Once you’ve sold eco-friendly apparel a few times, you’ll begin to see the recurrence of terminology and brands. Here’s a basic breakdown of a few key terms for going green.

With new “crops” of eco-friendly apparel and decorating processes entering the wearables marketplace, it’s a good idea to brush up on some “green” definitions.

First, know that there are standards and governing authorities beginning to clarify organic claims. For example, the Global Organic Textile Standard (GOTS) ensures “the organic status of textiles, from harvesting the raw materials, through environmentally and socially responsible manufacturing up to labelling in order to provide a credible assurance to the end consumer.” Furthermore, the U.S.-based Organic Trade Association (OTA) adheres to the GOTS standard, and adds that “all fiber sold as organic in the U.S. must meet the USDA National Organic Program rule for crop production, and if necessary, livestock production.”

When you’re looking for eco-friendly apparel to show clients, also keep these definitions in mind:

Organic fabrics use no pesticides, herbicides or insecticides during the growing cycle.

Soy silk uses liquefied proteins (a by-product of making tofu) forced into fibers which are then spun.

Ingeo corn fiber is created by extracting starch and then sugars from corn, and processing them into a form that can be spun into a yarn or woven into fabric.

Fortrel EcoSpun polyester is made out of recycled plastic bottles. It is frequently used for fleece.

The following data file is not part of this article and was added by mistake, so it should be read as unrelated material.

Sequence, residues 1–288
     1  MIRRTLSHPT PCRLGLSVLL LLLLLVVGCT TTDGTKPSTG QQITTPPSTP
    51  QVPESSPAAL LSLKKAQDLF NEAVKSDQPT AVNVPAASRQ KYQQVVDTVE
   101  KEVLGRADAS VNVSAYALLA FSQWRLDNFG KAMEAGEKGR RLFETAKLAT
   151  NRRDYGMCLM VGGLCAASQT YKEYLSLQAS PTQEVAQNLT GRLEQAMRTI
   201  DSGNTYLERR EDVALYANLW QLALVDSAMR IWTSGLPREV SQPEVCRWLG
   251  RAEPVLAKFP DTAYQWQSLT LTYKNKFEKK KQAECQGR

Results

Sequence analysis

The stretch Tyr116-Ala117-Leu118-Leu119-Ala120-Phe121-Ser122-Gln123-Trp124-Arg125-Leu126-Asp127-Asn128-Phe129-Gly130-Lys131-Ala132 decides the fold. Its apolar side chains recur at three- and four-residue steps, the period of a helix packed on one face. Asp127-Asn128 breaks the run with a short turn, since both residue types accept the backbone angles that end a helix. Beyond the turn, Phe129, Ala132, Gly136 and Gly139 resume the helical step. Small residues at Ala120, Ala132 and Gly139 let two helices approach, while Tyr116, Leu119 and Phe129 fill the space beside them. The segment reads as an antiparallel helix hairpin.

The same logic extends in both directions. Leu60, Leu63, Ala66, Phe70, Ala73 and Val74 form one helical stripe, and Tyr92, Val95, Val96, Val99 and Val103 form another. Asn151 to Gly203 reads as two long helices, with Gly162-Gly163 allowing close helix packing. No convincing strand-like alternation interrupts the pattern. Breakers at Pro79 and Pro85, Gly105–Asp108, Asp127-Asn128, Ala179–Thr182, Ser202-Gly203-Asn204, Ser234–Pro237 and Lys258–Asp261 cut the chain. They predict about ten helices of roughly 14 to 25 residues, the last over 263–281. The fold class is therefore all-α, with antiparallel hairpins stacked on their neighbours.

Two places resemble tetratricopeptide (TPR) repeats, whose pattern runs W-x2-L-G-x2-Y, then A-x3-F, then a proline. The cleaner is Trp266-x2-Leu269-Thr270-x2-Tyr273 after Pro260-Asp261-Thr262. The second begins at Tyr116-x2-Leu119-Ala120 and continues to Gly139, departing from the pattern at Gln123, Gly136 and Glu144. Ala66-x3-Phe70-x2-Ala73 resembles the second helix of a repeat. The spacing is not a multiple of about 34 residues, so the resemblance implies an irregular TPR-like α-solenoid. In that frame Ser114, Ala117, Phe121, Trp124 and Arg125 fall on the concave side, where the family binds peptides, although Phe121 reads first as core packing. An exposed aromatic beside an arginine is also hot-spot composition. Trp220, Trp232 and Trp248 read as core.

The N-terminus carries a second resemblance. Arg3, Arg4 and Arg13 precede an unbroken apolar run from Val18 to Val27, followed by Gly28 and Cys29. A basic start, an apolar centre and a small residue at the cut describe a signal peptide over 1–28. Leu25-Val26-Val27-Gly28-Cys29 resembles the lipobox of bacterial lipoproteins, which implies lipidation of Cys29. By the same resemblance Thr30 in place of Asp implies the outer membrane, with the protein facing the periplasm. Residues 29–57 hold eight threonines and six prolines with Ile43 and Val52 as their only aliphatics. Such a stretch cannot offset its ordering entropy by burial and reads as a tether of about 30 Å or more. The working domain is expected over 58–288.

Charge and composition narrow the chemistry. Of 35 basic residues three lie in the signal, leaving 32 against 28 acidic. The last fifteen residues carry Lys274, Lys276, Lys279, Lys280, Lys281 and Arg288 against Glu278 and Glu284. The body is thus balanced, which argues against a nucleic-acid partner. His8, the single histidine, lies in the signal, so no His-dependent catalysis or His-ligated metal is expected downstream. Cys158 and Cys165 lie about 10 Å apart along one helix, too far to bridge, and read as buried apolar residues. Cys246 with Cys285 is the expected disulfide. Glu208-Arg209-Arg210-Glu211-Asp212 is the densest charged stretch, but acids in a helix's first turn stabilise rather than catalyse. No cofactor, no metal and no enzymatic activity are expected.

Biodegradable fabric has the ability to naturally break down and return to raw material or to be absorbed by the earth. Federal Trade Commission guidelines say only products that contain materials that “break down and decompose into elements found in nature within a reasonably short amount of time when they are exposed to air, moisture and bacteria or other organisms” should be labeled biodegradable.

Post-consumer materials have been discarded and used again in other products. Essentially, this is a fancy term for recycled materials.

Sustainable products are made to last indefinitely and have the least negative effects on environmental health. Sustainable materials in clothing are easily recycled and/or last a long time.

Natural bleaching means that hydrogen peroxide was used to whiten fibers, rather than a chemical such as chlorine.

REHANCE, a process developed by TS Designs, is an environmentally friendly, water-based printing technology that alters a fabric’s chemistry so it won’t absorb garment dye. Traditionally, water-based inks could be successfully used only on white or light colors because of their transparency.